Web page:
The Underground Railroad by Colson Whitehead — New Review

The Underground Railroad was a gift from A, and I’m fairly sure she said she chose it because it had won a load of prizes. It also fits in well with other things I’ve read — books like The Floating Theatre and Sugar Money. I was a bit worried, because of all the prizes, that The Underground Railroad was going to be dense and difficult to read, but it pleasantly surprised me on that score. I found the early chapters very intriguing, especially when the narrative shifted away from Cora’s perspective to that of a slave-catcher called Ridgeway. It took me way longer than it should have to realise The Underground Railroad was set in an alternate history, and I admit I don’t know enough about the details of the America of this period to be sure what pieces are off the rails, if you’ll excuse the pun.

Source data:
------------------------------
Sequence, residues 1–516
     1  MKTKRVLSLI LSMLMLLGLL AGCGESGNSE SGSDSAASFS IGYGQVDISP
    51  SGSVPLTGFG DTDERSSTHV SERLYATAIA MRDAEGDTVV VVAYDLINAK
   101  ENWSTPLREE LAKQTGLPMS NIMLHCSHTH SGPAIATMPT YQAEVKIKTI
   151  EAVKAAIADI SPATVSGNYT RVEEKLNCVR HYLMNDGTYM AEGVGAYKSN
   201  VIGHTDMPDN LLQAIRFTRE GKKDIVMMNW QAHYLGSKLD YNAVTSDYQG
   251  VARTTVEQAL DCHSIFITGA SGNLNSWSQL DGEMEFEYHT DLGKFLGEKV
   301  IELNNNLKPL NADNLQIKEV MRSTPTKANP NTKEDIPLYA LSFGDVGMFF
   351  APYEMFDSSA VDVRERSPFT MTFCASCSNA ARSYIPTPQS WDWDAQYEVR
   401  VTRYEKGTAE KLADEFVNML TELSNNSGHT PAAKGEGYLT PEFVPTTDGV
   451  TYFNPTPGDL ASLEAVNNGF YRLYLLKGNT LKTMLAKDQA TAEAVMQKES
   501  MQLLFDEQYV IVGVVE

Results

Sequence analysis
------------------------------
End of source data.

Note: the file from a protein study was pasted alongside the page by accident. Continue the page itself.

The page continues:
Cora remembered Caesar’s words about the men at the factory who were haunted by the plantation, carrying it here despite the miles. It lived in them. It still lived in all of them, waiting to abuse and taunt, when chance presented itself.

The Underground Railroad, Colson Whitehead

I can see why people liked The Underground Railroad, especially the first third or so. It reminded me of The Handmaid’s Tale in the way it built the story out of both things that did happen and things which didn’t. Certain things that happened to Cora also reminded me of Offred — she was dehumanised in ways that were probably fictional, but felt like they could have been real.